Heme Paper ot. 70 Commuhltidi Showers T onight Low 70 Thunderstorms Friday HighW 'S A Better WevD9p(tper VOLUME LXXXII — 169 GALES BURG, ILLINOIS 61401 — THURSDAY, JULY 19, 1973 PRICE TEN CENTS Price Freeze rood Costs WASHINGTON (UPI) - Ex* cept for beef, President Nixon's price freeze on food was lifted today and he and his chief advisers acknowledged there will be a quick and substantial rise in what it costs to feed American families. Related Stories Pages 2 and 10 This was the element of the new Phase IV economic plan, unveiled late Wednesday, that will be most immediately felt and Herbert L, Stein, chairman of the President's economic advisory council, admitted today, "nobody is going to be very happy about what we did." "The producers are going to be unhappy we didn't lean one way and consumers are going to be unhappy we didn't lean that way," said Stein. "But that's the nature of the problem." The program also includes a Hoiv Much Higher? Presidential Warmaking Powers Cut by House WASHINGTON (UPI) — The House passed legislation Wednesday to take away the President's power to reject congressional orders to halt any unauthorized war. The measure probably.; will. not become law this yeSr since President Nixon has said he will veto it. The provision was contained in a landmark resolution that passed the House 244 to 170 to limit presidential. warmaking powers and reassert Congress' role in decisions to commit troops overseas. Will Veto Bill Nixon said the measure was "dangerous and unconstitutional" and promised to veto it-.'! The - House, although easily rejecting all amendments to meet Nixon's objections, is at least two dozen votes short of the two-thirds majority that will be needed to override a presidential veto. The War Powers Resolution, spawned by the long and furious debate between Congress and two presidents over the war in Indochina, would require a president to seek congressional authorization any time he sends comibat troops to foreign,<• soil or "substantially enlarges"""., the . number' of American forces in a foreign land. If he does not get congressional approval within 20 days, the troops would have to be withdrawn. Key Provision But the" key provision hi the bill would permit Congress, at any time, to end U.S. involve­ ment in a war that it has not authorized by passing a concurrent - resolution ordering it halted. This type of resolution does not require a president's signature to become law. The controversial provision is the House's response to Nixon's veto last month of an appropriations bill that contained a clause — approved by overwhelming majorities in both houses—cutting off funds for the bombing of Cambodia. The veto threatened a constitutional collision, but this was resolved when Congress sanctioned continued bombing until Aug. 15 and the President agreed to termination of U.S. involvement in the Indochina War on that date. Phase IV at a Glance: Profits Will Be F rozen By United Press International Phase IV at-a-glance: The Phase IV economic plan, a sector-by-sector approach, generally freezes profits instead of prices, and returns wages to the same mandatory controls used in Phase II. The particulars: Wages—The same as under Phase II—increases limited to 5.5 per cent, plus 0.7 per cent for fringes. Food—Except for beef the food price freeze ends immediately. Beef prices will be unfrozen on Sept. 12. Industrial and service sector—Price freeze remains until Aug. 12 when all increased costs will be passed through on a dollar-for-dollar basis. Wholesale and retail non-food—Price freeze remains until Aug. 12, when increased costs will be passed through on a dollar-for-dollar basis. Petroleum—Price ceiling for crude oil continues; ceiling prices on gasoline, diesel fuel and heating oil will be established Aug. 12. Health—The price freeze ends immediately, with a new price control program to be developed no later than Oct. 1. Where to Find It 2 SECTIONS Amusement 6 Bushnell 21 Business News 14 Classified Ads ..26-27-28-29 Comics-Radio 20 Editorial _ — 4 Galva 21 Hospital Notes 15 30 PAGES Knoxville - 25 Markets 22 Monmouth 24 Obituary 15 Sports 18-19 Weather 2 Women in the News .. 8-9 continuation of controls on wage increases to about 5.5 per cent and stipulates that a business firm can raise certain prices only so much as production costs increases. Besides most food, the price freeze imposed June 13 was lifted immediately on health care fees. It was the food segment of the program that drew the greatest attention, from the President on down. In a write-in statement, Nixon said, "There is no way, with or without controls, to prevent a substantial rise in food prices." Stein echoed this today. "My personal view is that we will have a bulge over a period of some months," he said, but like Nixon he insisted the price rise would be much less in the latter part of the year and continue to level off in 1974. Meat Supply "Nobody is going to be very happy with what we did, we're sure of that," said Stein. "It is clear that the big increase in the supply of meat is about a year off because we have this fall the big increase in the crops of corn and soybeans — the things that animals eat — and it takes a year for the animals ... to come to market. "But the whole process that we are engaged in is one of a delicate balance in our interest in restraining the prices and our interest in getting the output out." John T. Dunlop, chairman of the Cost of Living Council, and Stein both refused to predict how much food prices would rise, although a food chain spokesman forecast a 4 to 5 per cent jump in the next two months. The expectation is that by the time housewives do their weekly shopping at the supermarket, next week, they will see the effects of the removal of the freeze on food prices. The freeze on beef lasts until Sept. 12. Stein and Dunlop were interviewed on the CBS-TV Morning News program and Shultz on the ABC-TV Today show. Less But Greater Nixon said in his statement that food price increases in the latter part of 1973 "would be less than in the first half of the year but greater than anyone would like." He still vowed to "do everything in my power," to end all economic controls by the end of this year. But he said a "move to freedom now would most likely turn into a detour back into a swamp of even more lasting controls." Wages Under Controls The statement said wages will be under mandatory controls in Phase IV—just like those in Phase II. Rents, interest rates and small businesses with 60 or fewer workers would be exempt. Consumers should begin to see these effects of Nixon's new policy: —Grocery prices will probably begin to escalate in a week, as wholesalers and retailers begin adding on the costs they absorbed during the freeze. —Every gasoline pump at retail service stations will be required, by Aug. 12, to have a sign listing both ceiling prices and octane rating. —Telephone, electricity and natural gas rates will be free to climb although increases still must win approval of local regulatory commissions. In order to prevent a sudden surge in prices, Nixon ordered the freeze lifted piecemeal. Food prices—with the exception of beef—iplus doctor, dentist, hospital and other health care fees arc immediately exempt from the freeze. Doctors Report President Has Completely Recovered Soviet Grain Deal Investigated WASHINGTON (UPI) - Sen. Henry M. Jackson, D-Wash., said today he had evidence the Agriculture Department knew in advance about last year's $1 billion Soviet grain deal and that big U.S. grain firms falsified their reports to the government on the deal. On the eve ' of a series of hearings by his Senate Permanent Investigations Subcommittee, Jackson said the evidence he has thus far uncovered on the 1972 deal could prove that parties to the deal had violated federal laws. Sworn Affidavits "We have sworn affidavits at this point that Agriculture was advised of the sales" before they occurred, he told a news conference. The Agriculture Department has denied having advance knowledge of the sales, and a Ge n e r a ] Accounting Office investigation earlier this month found mat officials didn't know how much grain the Russians were buying from the American companies. Jackson further said there was "strong evidence" that the U.S. firms tried to keep the sales secret by "falsifying their reports to the Commodity Exchange Authority. "The evidence our investigation .has turned up thus far leads me to conclude that the Department of Agriculture — and especially the Commodity Exchange Authority — encouraged secrecy in their dealings with the grain companies and the commodity exchanges." Information also uncovered by his subcommittee, Jackson said, provided "substantial evidence" that the Agriculture Department kept vital information about the failure of the Russian wheat crop "secret (from American farmers) while in fact issuing misleading reports on overseas conditions and an anticipated domestic surplus." WASHINGTON (UPI) President Nixon's doctors say he has completely recovered from viral pneumonia and is looking forward to resuming his full White House schedule next week. The 60-year-old President will be released Friday morning from Bethesda Naval Hospital where he has spent the past week. A helicopter will be waiting on the hospital grounds to fly him to Camp David, his Maryland mountain retreat, where he can relax in seclusion this weekend. In a morning medical report, the President's doctor said his temperature remained normal and no further treatment will be required today. Spending Last Day Spending his last day in the lioapital, Nixon will alternate meetings w^'h members of his staff and rest intervals to continue his recuperation. Press Secretary Ronald L. Ziegler said that Nixon will be was working on his appointments j committee's request for schedule at his hideaway and will return ito Washington Monday. Will Receive Shah On Tuesday he will receive the Shah of Iran with a full ceremonial welcome and a state dinner in tihe evening. Now that he has bounced back to his good health, it appeared likely for him to set a date for the meeting with Sen. Sam J. Ervin Jr., D-N.C, chairman of the Senate Water- ( gate Committee, Which had been arranged before his illness. Seeking to avoid a constitutional confrontation, Ervin has said he will seek Nixon's cooperation in turning over documents and tape-recordings involving the President and former White House aides implicated in tihe Watergate scandal. For two days running, Ziegler has steadfastly declined to say whether Nixon will yield to the| the- still tapes, saying tlhis under discussion. The press secretary also has declined to comment on.wheth­ er the President will continue the practice of taping his own conversations for a historical record and, if so, whether lie will abide by titoo Federal Communications Commission's tariff regulation requiring that an audible "beep" be sounded at 15-seeorud intervals during any taped telephone call. The President had his latest X-ray Wednesday afternoon, and it showed has lungs were clear of congestion. He will have more tests today, but his doctors say that all physical signs arc normal now. Nixon kept a restful schedule Wednesday, conferring only with members of his staff. His daughter and son-in-law, Julie and David Eisenhower, also spent two hours with him in the early evening. Later Julie said, "He's feeling better." LaRue Says Magruder Knew About Break-In WASHINGTON (UPI)Frederick C. LaRue testified today he . believed that Jeb Stuart Magruder, deputy director of President Nixon's reelection campaign, knew in advance that tihe Watergate break-in would occur in the early morning hours of June 17, 1972. "That would be my assumption, yes sir," LaRue replied under questioning during his second day of testimony before the Senate Watergate Committee. Taken by Surprise During an appearance before the committee in June, Magruder left the impression that he was taken by surprise when word reached him on June 17 of the break-in and the arrest of five persons in the Democratic National Committee headquarters at the Watergate building. LaRue, who agreed to plead gyilty to a charge of conspiring to obstruct justice and is expected to testify for the prosecution at any future Watergate trials put Magruder's account in a new light. He said Magruder received a telephone call about the break- in during breakfast in Los Angeles, he returned to the table and told LaRue that "last night was the night" for the wiretap and bugging. Sen. Howard H. Baker, R- Tenn., asked LaRue if he was under the impression Magruder had advance knowledge that the entry would take place. LaRue said he was." LaRue said Magruder "made that statement (about "last night") to me as an aside," without making it to other high campaign officials who were there at the same breakfast table. In his sworn testimony before the committee, Magruder did not specifically acknowledge or de^ny advance knowledge of the bugging. Magruder related being with LaRue and others ait breakfast in Los Angeles when he got a telephone report on the arrests, including that of James W. McCord Jr., then security chief for the Nixon campaign organization. "I blanched, (to say the least," Magruder testified June 14. LaRue disputed a suggestion by another committee member, Sen. Daniel K. Inouye, D- Hawaii, that Watergate burglary planning sessions always seemed to have occurred at sites near where President Nixon was staying. Final Approval Inouye called particular attention to a March 30, 1972, meeting attended by LaRue, Magruder and John N. Mitchell at which Magruder testified final aipproval was given to the plan. The meeting was said to have taken place at Key Biscayne, Fla. LaRue said the site had no significance and President Nixon was not at his Key Biscayne compound at the time. Inouye had asked whether it was "coincidence that the President was nearby" when the bugging plan allegedly was approved. Cox on Capitol Hill During a recess in this morning's hearing, Samuel Dash, chief committee counsel, noted that the special Watergate prosecutor, Archibald Cox was visiting Capitol Hill today but Dash said he did not know why. The Cox visit could be in connection with the committee's efforts to obtain tape recordings of President Nixon's White House conversations in two of his offices. Cox is said to have submitted his own request •to the White House for the tapes. Watergate Tableau Senate Watergate Committee Chairman Sam Ervin, right, confers with some of his committee and staff members during the hearings Wednesday, Left to right are: Sens. Howard Baker, R-Tenn., and Lowell Weicker, R-Conn., assistant counsel Terry Lenzer, and assistant counsel Rufus Edmisten. UNIFAX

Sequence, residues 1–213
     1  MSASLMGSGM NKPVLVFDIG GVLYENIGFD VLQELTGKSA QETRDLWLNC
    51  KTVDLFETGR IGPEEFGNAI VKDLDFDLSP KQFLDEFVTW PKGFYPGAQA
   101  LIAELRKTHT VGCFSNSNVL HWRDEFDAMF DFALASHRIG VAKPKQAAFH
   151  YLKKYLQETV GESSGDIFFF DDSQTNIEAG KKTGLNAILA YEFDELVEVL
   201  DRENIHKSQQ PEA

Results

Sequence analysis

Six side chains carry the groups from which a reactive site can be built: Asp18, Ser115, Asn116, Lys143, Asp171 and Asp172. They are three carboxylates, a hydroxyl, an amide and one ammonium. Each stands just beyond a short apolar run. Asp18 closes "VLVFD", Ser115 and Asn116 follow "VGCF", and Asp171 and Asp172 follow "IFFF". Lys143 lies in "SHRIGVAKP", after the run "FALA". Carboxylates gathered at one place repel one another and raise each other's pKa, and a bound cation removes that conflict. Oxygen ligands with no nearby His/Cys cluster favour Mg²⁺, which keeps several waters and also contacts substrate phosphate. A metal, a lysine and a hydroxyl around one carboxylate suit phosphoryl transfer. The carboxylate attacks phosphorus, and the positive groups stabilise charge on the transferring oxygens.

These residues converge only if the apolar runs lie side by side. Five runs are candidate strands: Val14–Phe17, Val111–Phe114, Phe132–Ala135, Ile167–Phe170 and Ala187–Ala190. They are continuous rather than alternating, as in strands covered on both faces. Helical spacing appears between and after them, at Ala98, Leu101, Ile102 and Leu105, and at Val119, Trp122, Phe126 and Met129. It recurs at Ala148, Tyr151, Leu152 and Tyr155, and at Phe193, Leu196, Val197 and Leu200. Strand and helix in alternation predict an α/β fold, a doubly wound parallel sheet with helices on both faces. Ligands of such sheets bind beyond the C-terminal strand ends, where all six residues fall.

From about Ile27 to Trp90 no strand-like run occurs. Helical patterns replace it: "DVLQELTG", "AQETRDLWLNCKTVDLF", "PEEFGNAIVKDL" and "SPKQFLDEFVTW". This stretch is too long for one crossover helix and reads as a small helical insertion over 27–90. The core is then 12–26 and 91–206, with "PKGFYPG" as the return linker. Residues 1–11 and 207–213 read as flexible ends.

What members have found on this page

Get access to

  • The largest online newspaper archive
  • 8,900+ newspapers from the 1700s–2000s
  • Millions of additional pages added every month

Try it free